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Pollstar v. Gigmania Ltd., 170 F.Supp.2d 974 (E.D. Cal. 2000) (full-text).
Factual Background Edit
Pollstar (Plaintiff) is a website which publishes concert information on a daily basis. Pollstar employees spend time and money gathering and compiling the information in order to keep the information up to date. Gigmania (Defendant) runs a similar website and is a competitor of the Plaintiff. Defendant copied concert information from Plaintiff's page and published the information to its own webpage.
Trial Court Proceedings Edit
Plaintiff filed suit in federal court asserting three claims: (1) common law misappropriation; (2) unfair competition under Cal. Bus. & Prof. Code §17200; and (3) breach of contract of the license agreement.
Defendant filed a Rule 12(b)(6) motion to dismiss for failure to state a claim. On review, the district court denied Defendant’s 12(b)(6) motion on all three claims.
Misappropriation claim Edit
On the misappropriation claim, Defendant argued that the Copyright Act preempted the claim. However, Defendant conceded that Plaintiff’s had "re-costumed its preempted 'you-copied-our fact' cause of action as a 'hot news' misappropriation claim" which is not preempted by the Copyright Act. Plaintiff pled that it "sufficiently collected information at some cost and that Gigmania is a direct competitor."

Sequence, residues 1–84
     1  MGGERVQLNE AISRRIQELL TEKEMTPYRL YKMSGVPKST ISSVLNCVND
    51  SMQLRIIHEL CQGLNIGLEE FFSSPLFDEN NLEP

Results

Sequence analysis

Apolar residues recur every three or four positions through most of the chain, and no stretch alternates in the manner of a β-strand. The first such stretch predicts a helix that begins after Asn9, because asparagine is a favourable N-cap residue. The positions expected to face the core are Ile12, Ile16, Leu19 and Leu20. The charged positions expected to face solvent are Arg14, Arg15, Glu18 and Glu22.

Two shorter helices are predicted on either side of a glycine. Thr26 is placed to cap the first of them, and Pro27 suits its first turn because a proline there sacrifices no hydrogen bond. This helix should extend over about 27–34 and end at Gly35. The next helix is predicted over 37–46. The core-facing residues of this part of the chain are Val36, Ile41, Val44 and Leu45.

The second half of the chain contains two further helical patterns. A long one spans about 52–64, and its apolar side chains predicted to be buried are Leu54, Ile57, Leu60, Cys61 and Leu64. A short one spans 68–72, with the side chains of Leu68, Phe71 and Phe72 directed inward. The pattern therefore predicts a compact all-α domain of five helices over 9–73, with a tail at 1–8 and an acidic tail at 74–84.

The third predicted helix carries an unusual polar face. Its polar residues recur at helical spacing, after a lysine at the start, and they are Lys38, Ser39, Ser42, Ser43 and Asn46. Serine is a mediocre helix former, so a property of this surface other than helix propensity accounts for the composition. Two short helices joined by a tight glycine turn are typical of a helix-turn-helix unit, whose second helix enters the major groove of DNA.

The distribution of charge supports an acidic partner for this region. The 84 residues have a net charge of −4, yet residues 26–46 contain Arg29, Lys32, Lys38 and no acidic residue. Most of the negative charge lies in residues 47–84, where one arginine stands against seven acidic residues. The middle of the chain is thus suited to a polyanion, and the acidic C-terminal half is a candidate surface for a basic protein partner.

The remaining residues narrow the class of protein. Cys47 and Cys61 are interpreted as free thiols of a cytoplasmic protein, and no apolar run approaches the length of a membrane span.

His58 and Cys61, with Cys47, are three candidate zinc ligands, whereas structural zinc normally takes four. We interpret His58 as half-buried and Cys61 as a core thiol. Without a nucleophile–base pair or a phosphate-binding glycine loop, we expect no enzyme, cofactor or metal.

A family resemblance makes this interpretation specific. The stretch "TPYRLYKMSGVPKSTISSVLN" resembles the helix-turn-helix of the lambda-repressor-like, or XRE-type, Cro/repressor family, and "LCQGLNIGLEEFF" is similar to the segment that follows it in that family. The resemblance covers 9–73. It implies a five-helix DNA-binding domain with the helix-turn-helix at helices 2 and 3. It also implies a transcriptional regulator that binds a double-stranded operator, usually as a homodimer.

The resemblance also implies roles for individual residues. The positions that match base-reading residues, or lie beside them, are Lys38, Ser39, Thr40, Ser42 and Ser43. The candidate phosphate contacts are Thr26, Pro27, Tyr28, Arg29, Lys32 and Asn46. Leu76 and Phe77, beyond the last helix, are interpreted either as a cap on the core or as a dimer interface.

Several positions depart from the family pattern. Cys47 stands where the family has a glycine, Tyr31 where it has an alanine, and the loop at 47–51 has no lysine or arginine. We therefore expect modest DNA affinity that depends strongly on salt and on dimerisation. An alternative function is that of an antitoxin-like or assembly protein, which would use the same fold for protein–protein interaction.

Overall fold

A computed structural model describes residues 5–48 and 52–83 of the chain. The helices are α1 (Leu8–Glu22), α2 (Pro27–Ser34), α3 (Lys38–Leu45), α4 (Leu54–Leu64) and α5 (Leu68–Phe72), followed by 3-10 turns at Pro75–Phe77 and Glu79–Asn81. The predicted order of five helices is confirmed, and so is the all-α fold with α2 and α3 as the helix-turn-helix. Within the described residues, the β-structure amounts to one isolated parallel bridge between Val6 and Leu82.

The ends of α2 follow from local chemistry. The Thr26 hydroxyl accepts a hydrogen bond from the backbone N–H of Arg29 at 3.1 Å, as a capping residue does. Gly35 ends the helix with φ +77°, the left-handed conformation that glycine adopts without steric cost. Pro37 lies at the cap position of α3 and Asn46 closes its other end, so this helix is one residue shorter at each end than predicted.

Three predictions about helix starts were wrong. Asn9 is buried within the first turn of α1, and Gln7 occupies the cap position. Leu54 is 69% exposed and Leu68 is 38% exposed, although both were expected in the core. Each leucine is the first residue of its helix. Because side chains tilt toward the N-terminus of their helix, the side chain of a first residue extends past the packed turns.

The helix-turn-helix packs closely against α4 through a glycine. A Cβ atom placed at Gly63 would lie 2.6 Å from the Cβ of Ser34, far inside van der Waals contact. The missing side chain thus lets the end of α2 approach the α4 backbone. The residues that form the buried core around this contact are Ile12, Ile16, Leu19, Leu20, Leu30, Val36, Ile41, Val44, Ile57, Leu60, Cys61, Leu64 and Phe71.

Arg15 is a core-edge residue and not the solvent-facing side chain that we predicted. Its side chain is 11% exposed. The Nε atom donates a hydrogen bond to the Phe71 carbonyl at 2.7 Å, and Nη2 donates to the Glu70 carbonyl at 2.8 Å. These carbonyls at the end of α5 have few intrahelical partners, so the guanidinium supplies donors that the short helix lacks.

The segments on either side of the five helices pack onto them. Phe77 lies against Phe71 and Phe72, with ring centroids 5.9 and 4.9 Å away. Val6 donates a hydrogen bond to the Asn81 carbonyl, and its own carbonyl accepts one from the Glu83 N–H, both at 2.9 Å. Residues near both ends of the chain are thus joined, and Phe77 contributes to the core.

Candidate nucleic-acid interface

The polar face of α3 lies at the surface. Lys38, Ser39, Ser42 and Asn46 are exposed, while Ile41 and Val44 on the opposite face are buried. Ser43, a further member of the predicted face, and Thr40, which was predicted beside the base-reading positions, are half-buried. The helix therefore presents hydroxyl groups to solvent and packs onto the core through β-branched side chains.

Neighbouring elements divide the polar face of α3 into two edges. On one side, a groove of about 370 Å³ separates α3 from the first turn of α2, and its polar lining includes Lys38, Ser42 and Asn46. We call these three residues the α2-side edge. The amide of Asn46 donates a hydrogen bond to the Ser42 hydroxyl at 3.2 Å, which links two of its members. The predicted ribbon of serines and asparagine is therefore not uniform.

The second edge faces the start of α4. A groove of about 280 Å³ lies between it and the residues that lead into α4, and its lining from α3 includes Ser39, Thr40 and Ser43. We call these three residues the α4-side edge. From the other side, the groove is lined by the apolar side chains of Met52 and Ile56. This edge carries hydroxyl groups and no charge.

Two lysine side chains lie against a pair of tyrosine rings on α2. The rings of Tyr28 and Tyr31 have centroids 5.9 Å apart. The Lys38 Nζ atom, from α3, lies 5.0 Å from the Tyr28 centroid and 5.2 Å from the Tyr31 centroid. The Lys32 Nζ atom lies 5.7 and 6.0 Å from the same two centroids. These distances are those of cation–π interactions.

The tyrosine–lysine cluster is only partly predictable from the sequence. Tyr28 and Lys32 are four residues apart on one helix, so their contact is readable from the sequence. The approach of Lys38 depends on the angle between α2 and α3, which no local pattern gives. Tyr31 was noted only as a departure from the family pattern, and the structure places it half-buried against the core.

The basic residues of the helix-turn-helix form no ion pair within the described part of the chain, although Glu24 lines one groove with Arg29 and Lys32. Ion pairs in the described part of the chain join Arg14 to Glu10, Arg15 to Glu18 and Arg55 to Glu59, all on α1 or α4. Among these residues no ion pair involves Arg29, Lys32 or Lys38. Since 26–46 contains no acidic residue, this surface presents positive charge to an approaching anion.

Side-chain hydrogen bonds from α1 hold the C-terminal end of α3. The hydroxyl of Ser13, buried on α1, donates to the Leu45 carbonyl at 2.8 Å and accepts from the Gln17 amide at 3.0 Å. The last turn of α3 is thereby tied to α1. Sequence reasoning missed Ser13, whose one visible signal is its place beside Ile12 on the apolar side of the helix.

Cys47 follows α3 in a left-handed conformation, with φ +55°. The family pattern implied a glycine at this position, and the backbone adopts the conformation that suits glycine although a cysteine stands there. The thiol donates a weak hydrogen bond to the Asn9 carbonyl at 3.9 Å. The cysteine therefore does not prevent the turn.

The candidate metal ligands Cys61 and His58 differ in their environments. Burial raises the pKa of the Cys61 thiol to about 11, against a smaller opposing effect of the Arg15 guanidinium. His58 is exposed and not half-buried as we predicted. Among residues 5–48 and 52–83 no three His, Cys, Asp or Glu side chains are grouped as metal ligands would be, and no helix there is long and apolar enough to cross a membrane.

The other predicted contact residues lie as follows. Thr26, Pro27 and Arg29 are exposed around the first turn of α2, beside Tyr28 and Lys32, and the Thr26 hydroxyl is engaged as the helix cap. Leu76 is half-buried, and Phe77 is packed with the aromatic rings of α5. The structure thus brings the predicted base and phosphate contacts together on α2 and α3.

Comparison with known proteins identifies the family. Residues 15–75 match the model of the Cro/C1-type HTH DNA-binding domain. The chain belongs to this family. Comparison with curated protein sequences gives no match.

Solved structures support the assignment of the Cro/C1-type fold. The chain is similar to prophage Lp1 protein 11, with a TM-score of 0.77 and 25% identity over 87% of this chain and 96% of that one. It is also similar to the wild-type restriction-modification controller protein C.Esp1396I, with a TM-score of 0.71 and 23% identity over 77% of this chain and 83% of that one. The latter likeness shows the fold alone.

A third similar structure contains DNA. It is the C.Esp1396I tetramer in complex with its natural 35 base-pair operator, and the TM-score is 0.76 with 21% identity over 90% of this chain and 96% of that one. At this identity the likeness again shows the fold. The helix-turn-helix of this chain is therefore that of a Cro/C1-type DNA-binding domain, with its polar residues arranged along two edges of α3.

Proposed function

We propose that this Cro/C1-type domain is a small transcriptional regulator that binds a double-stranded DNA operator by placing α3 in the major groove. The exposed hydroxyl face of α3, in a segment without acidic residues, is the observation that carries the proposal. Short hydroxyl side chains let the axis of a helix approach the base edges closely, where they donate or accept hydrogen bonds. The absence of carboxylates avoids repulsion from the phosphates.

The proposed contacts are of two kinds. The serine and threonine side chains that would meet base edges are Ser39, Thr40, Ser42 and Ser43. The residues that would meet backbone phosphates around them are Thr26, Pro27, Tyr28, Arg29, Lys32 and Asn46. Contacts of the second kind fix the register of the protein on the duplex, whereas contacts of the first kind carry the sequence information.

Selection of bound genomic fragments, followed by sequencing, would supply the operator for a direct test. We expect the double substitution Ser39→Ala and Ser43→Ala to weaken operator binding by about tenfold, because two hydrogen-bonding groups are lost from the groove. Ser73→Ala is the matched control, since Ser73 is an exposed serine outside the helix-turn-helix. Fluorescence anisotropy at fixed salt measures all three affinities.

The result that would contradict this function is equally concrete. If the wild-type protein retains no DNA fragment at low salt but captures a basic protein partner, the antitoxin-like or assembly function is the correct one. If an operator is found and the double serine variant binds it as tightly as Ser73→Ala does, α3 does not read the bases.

The court concluded that although there exists no case that has held that information of the kind at issue here is protectable as "hot news", it declined to decide the matter at this particular time. Further, the court stated that the Plaintiff’s pleading sufficiently stated a claim that Defendant was a "free-rider" by stating that "Gigmania copied false concert information from the pollstar.com website" and that the Plaintiff profits from its activities.
Unfair competition claim Edit
Reviewing the unfair competition claim, Plaintiff alleged that Defendant had appropriated its property by publishing and selling it on the Internet. The court reasoned that since Plaintiff had pled a "'hot news' misappropriation claim," that claim provides the unfair competition claim with an "extra element." Thus, it survived Defendant's motion to dismiss.
Breach of contract claim Edit
Finally, for the motion to dismiss on the breach of contract claim, Defendant alleged that Plaintiff's claim failed as a matter of law because Plaintiff could not allege the required element of mutual consent because the license agreement on Plaintiff's page was not visible to the average visitor. The court agreed with Defendant that the license agreement was not readily apparent on the webpage, however the court declined to declare it invalid and unenforceable at this time.